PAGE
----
is a worthwhile goal, there should be no compromise on patient care. There is immense scope for education on clinical viscosity testing to be enhanced and improved to incorporate its full potential and to raise the vision in the possibilities it has to improve patient outcomes and to provide invaluable information to clinicians. Incorporating clinical viscosity testing globally into associated condition pathways will encourage and ensure clinical excellence, consistency and equity for patients.

What has changed? Two things have changed. First, clinical capillary viscometers have continued to develop, and now clinical viscosity analysers are available with advanced health and safety features, increased throughput, improved reliability, and most importantly improved precision. There are now true load-up and walkaway analysers that sample from a sealed cap on primary (draw) tubes to avoid potential biohazards, which incorporate software to perform auto-calibration and quality control checks between every few samples to monitor for drift. Viscometers specifically designed and manufactured for clinical use should be the only standard any healthcare provider accepts. The second change is COVID-19. Clinicians around the world are trying to establish a strategy to determine which patients infected with SARS CoV-2 develop severe non-respiratory complications. So far, the key screening test appears to be the PV test. As stated in the introduction, patients suffering with severe COVID-19 symptoms have a greatly raised PV level. This is to be expected because they will develop an acute-phase response and produce a mega response with fibrinogen levels up to 10 times normal, with a subsequent rise in PV to levels only previously seen in patients with hyperviscosity syndrome. Recent research illustrates a significant change in some of these parameters in the immediate time leading up to symptoms developing. This potentially is an exciting finding and might save the lives of many patients by early diagnosis and specific targeted treatment. Leading hospitals are exploring how best to understand and treat COVID-19. They have been carrying out PV tests on suspected COVID-19 patients to establish a link between PV and COVID-19, and to explore how PV relates to the severity of and/or recovery from the disease. This has extended to ensuring anti-platelet drug therapy efficacy by monitoring the inflammatory status in those with high-risk transient ischaemic attacks (TIAs) commenced on dual anti-platelet therapy,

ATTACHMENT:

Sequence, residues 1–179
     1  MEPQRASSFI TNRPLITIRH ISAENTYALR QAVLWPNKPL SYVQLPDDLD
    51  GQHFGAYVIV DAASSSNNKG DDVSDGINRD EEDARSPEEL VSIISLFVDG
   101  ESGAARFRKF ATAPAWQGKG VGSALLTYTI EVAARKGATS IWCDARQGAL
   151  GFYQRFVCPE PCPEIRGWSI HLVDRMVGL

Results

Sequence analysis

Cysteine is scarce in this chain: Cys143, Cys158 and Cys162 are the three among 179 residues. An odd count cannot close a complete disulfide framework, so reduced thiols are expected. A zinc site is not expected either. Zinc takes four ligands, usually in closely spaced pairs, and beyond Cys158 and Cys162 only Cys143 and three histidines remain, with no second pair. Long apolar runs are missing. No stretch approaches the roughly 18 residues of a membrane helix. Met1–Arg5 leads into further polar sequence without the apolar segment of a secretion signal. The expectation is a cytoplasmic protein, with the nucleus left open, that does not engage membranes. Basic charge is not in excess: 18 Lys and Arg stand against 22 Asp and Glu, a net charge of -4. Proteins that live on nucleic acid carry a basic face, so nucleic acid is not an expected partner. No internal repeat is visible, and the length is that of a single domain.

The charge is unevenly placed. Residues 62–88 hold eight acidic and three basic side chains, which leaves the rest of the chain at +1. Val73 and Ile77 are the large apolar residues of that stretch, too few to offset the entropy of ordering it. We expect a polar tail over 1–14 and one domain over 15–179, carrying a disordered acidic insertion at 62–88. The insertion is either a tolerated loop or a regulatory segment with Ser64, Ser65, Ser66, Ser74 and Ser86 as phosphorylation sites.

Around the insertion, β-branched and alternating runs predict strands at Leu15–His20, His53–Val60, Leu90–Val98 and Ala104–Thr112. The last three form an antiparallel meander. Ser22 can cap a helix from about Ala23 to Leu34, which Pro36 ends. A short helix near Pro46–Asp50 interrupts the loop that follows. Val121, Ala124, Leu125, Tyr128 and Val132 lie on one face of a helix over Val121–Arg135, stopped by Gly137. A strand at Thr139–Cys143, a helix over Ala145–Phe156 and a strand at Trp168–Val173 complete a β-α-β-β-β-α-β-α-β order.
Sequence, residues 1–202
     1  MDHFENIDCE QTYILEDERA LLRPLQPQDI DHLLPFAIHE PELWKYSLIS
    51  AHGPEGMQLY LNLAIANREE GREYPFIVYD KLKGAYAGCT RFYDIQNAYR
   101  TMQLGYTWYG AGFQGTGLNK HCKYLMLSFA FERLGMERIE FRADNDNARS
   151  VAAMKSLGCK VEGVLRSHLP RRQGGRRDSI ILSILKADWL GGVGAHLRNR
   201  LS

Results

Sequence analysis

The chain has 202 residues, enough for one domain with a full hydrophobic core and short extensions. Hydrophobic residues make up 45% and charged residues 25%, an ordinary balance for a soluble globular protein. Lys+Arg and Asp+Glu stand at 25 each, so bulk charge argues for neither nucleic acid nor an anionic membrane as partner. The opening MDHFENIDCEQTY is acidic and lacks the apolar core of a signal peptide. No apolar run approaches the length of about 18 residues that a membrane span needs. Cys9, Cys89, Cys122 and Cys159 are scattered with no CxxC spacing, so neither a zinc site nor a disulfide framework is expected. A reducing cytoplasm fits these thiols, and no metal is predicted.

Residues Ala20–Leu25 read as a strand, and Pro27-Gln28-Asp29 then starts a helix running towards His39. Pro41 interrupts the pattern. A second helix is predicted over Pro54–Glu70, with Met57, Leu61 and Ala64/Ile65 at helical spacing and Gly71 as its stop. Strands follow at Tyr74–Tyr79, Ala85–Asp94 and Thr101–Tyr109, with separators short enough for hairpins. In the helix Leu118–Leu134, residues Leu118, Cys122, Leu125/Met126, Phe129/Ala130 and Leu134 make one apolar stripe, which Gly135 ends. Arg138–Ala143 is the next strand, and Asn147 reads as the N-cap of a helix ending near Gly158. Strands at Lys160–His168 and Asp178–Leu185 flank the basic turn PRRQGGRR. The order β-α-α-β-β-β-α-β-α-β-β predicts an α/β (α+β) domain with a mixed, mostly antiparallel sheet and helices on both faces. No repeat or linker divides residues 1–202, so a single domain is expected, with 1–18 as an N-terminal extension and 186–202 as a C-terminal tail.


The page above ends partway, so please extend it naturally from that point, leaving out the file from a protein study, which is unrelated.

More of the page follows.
Over the past 50 years in the UK, plasma viscosity has been, and still can be, used to screen for and monitor paraproteinaemias such as myeloma (haematoxylin and eosin [H&E] stain).

those not responding as expected on anti-platelet therapy, and those with high-risk carotid/vertebral or intracranial stenosis. Increased blood viscosity is an indicator for potential stroke and heart attack induced by a low flow of blood in the capillaries leading to an inadequate delivery of vital oxygen and nutrients to body tissues.

Haematology experts have stated that while there are alternative tests for inflammation and infection, none surpass the accuracy, precision, and suitability of PV for diagnosis and monitoring. There is a constant flow of new applications for PV, SV and red cell deformability on an almost daily basis and none more so than in the current climate of battling COVID-19. With the USA seeing many COVID-19 patients, clinical establishments are undertaking research into the condition and are publishing papers with PV data; some using outdated, cumbersome equipment inherited from the petrochemical industry. Now, USA medical centres are starting to look to the UK for state-of-the-art clinical equipment9


will allow them to analyse high-risk clinical samples rapidly and safely. And when the USA leads, the rest of the world follows.

References 1 Maier CL, Truong AD, Auld SC, Polly DM,

Tanksley CL, Duncan A. COVID-19- associated hyperviscosity: a link between inflammation and thrombophilia? Lancet 2020; 395 (10239): 1758–9.

2 Guidelines on selection of laboratory tests for monitoring the acute phase response. International Committee for Standardization in Haematology (expert panel on blood


rheology). J Clin Pathol 1988; 41 (11): 1203–12. doi: 10.1136/jcp.41.11.1203.

3 Gloucestershire Hospitals NHS Foundation Trust. Plasma viscosity ( services-we-offer/pathology/tests-and- investigations/plasma-viscosity).

4 Gudmundsson M, Nordborg E, Bengtsson BA, Bjelle A. Plasma viscosity in giant cell arteritis as a predictor of disease activity. Ann Rheum Dis 1993; 52 (2): 104–9.

5 Finke C, Schroeter J, Kalus U, Ploner CJ. Plasma viscosity in giant cell arteritis. Eur Neurol 2011; 66 (3):159–64.

6 Koshiaris C, Van den Bruel A, Oke JL et al. Early detection of multiple myeloma in primary care using blood tests: a case-control study in primary care. Br J Gen Pract 2018; 68 (674): e586–e593. doi: 10.3399/bjgp18X698357.

7 Tuddenham EG, Whittaker JA, Bradley J, Lilleyman JS, James DR. Hyperviscosity syndrome in IgA multiple myeloma. Br J Haematol 1974; 27 (1): 65–76. doi: 10.1111/j.1365-2141.1974.tb06775.x. ( 10.1111/j.1365-2141.1974.tb06775.x).

8 Watson J, de Salis I, Hamilton W, Salisbury C. ‘I’m fishing really’ – inflammatory marker testing in primary care: a qualitative study. Br J Gen Pract 2016; 66 (644): e200–6. doi: 10.3399/bjgp16X683857 (

9 Anon. Plasma viscosity in COVID-19 disease: a vital monitoring role. Pathology in Practice 2020 Jun; 21 (3): 46–8.

Further information on viscometry and Benson Viscometers is available from Lorna Chun (General Manager). Email: Tel: +44 (0)1646 650065.



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